Virat Kohli, the best batsman in the world today, doesn't want to face Jasprit Bumrah. That's a scary message for the batsmen world over. After India took an unassailable 2-1 series lead, checking the Border-Gavaskar Trophy in for a return journey to India, the best batsman in the world spoke glowingly of the best bowler in the world, at least across formats put together if there are people yet to be convinced of Bumrah's status in each individual format.
Bumrah began the year as a surprise entrant into Test cricket after having played no first-class cricket in 2017, but has ended up with five-fors in all the countries he has gone to. He has the best yearly haul for an Indian fast bowler, and is a lock to be the fastest Indian quick to 50 Test wickets. His captain was ever so grateful. Kohli began with talking about bringing Bumrah into the longest format through the unconventional route.
"I think the fact that he was showing amazing levels of energy and fitness in white-ball cricket and hence he was so good because he was not giving runs with the new ball, he was getting wickets, he would come back in the death overs and not bowl one loose delivery," Kohli said. "He was training like he wanted to play Test cricket, he was that obsessed about his fitness levels and his work ethics. So we discussed before South Africa that if we put him as a surprise package, he could be lethal if he gets his lines and lengths right."
Bumrah is blessed with a freak action, but it is his sharp mind as much as that action that sets him apart.
"The mindset he has is what separates him from anyone else in the world right now," Kohli said. "He looks at the pitch, and he doesn't think, 'Oh it's a hard toil on this wicket.' He thinks how can I take make a breakthrough for the team and your mindset separates you from the rest. He is as strong-headed as I have seen anyone in the past, and that's the key to his success, that's what I have seen in the past 12 months.
"The way he has matured in Test cricket, and the areas he has bowled so quickly in his Test career, I think it's a scary sign for the batsmen around the world in Test cricket. I mean if there is a pitch like Perth, I wouldn't want to face Jasprit Bumrah to be honest because if he gets on a roll he can really crank it up and the way he bowls is so much more different to anyone and I think he realises that more than the batsmen, and that's why he is so confident about his skills."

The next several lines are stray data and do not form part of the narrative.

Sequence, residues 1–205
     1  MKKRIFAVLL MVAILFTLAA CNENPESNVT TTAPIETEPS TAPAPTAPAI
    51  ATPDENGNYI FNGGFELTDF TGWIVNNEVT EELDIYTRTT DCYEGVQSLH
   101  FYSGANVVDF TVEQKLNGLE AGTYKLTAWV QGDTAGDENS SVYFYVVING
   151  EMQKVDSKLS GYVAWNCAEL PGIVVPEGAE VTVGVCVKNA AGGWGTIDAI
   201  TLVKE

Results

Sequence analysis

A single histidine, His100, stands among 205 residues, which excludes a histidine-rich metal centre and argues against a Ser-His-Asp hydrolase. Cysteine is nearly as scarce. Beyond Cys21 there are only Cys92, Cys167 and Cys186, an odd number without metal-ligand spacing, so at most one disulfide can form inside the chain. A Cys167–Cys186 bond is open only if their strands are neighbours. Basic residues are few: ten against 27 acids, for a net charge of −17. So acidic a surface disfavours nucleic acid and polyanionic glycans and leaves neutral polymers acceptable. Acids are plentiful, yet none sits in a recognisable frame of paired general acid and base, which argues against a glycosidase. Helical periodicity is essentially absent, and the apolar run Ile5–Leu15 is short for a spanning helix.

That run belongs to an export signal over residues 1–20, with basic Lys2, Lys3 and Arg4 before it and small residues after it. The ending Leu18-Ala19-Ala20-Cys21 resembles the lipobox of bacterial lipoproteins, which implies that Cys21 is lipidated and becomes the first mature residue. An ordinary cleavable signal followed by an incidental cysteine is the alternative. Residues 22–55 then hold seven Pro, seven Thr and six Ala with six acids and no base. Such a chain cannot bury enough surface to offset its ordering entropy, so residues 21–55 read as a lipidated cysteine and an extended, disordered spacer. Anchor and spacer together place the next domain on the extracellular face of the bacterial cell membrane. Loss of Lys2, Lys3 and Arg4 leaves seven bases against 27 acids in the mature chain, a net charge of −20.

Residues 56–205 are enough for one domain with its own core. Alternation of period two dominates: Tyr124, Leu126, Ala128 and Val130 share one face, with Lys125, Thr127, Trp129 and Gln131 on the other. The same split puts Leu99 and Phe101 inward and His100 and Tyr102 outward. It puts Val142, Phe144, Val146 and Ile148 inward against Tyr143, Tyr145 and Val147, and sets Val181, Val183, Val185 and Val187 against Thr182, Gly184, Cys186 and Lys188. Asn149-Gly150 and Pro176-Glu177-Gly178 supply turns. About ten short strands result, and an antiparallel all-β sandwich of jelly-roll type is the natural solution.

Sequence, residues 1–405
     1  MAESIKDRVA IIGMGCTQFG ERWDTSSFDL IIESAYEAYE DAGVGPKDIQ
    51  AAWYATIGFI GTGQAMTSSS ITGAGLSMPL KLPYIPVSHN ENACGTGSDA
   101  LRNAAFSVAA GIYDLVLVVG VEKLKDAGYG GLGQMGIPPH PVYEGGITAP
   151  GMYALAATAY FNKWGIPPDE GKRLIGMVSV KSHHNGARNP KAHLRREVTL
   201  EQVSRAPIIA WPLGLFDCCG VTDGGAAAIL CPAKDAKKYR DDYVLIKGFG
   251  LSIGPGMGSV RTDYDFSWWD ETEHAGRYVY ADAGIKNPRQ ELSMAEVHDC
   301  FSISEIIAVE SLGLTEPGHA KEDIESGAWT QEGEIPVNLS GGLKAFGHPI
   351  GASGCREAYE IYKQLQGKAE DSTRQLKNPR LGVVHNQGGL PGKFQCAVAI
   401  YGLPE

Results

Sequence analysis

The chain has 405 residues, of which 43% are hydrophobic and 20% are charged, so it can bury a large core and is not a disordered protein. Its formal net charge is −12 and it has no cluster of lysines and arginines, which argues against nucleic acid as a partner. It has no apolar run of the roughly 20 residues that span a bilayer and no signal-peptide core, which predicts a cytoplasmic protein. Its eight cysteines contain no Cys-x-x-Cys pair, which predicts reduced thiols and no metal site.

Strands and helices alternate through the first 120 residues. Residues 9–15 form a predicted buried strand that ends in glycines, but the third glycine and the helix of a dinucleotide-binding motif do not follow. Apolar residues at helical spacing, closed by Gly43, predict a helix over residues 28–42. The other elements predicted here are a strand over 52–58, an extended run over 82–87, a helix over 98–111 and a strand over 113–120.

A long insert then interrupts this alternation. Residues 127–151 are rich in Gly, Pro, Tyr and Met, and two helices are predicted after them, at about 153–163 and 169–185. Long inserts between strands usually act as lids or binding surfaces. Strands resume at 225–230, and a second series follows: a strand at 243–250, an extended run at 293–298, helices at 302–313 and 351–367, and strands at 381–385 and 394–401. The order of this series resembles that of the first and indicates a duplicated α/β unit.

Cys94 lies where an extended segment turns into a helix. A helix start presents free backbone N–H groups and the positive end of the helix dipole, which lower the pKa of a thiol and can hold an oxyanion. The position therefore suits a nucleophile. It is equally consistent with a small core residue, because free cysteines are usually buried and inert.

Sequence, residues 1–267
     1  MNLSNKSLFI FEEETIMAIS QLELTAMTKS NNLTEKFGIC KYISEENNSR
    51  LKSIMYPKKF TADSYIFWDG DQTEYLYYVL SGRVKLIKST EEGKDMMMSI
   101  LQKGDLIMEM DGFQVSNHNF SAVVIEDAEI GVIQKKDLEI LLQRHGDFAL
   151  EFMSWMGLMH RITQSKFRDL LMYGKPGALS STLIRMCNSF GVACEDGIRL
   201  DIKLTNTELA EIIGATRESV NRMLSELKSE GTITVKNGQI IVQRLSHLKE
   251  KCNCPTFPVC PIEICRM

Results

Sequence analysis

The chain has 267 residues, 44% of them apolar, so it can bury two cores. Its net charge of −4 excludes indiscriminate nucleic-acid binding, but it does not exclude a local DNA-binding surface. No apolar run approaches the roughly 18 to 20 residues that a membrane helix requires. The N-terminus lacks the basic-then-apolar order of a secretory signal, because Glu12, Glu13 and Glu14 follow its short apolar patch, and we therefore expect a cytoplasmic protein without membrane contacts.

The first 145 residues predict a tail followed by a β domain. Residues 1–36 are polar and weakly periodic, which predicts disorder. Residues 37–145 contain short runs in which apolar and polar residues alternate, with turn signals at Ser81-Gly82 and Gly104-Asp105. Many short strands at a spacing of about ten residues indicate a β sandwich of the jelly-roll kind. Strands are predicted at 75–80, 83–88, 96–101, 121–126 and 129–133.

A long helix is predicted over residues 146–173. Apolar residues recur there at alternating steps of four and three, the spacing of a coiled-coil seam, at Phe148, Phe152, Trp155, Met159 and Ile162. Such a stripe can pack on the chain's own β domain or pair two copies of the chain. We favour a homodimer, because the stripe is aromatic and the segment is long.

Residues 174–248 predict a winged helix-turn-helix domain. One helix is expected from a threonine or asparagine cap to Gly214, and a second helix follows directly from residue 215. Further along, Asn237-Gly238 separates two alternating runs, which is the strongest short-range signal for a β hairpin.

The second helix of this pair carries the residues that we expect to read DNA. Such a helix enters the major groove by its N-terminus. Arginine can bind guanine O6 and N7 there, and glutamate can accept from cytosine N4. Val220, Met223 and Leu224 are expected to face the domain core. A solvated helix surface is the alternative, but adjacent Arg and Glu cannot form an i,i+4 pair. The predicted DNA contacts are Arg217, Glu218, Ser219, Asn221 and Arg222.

Kohli went on to call Bumrah the best bowler in the world.
Now that the series can't be lost, India can breathe a little easy, but Bumrah's partners in Sydney - a Test, Kohli said, India want to win and not just hang on to for a draw - will be crucial. It is a pitch that Tim Paine expects to turn, which makes R Ashwin's fitness that much more important.
"I think Ashwin's very close to being match-fit," Kohli said. "He has been bowling a lot of overs, and I'm sure these next four days [three] will make him even stronger. So regardless it being the last Test match, he will be willing to push himself and start for the team, but again it depends on what kind of pitch we get in Sydney."
Kohli's focus on the nature of pitch might suggest Ashwin might get in only if they play two spinners. At the moment, though, they don't want to think too much about Sydney.
"We are very happy," Kohli said. "Leading the series for the first time in Australia. We will take the trophy back home regardless of what happens in the last Test. Although our aim is to win the series here, which is what we came here thinking and that hasn't changed regardless of whatever happened. But it is important to realise this moment, and it is important to understand how much hard work we have put in to reach this scoreline. We have to appreciate that as a whole team."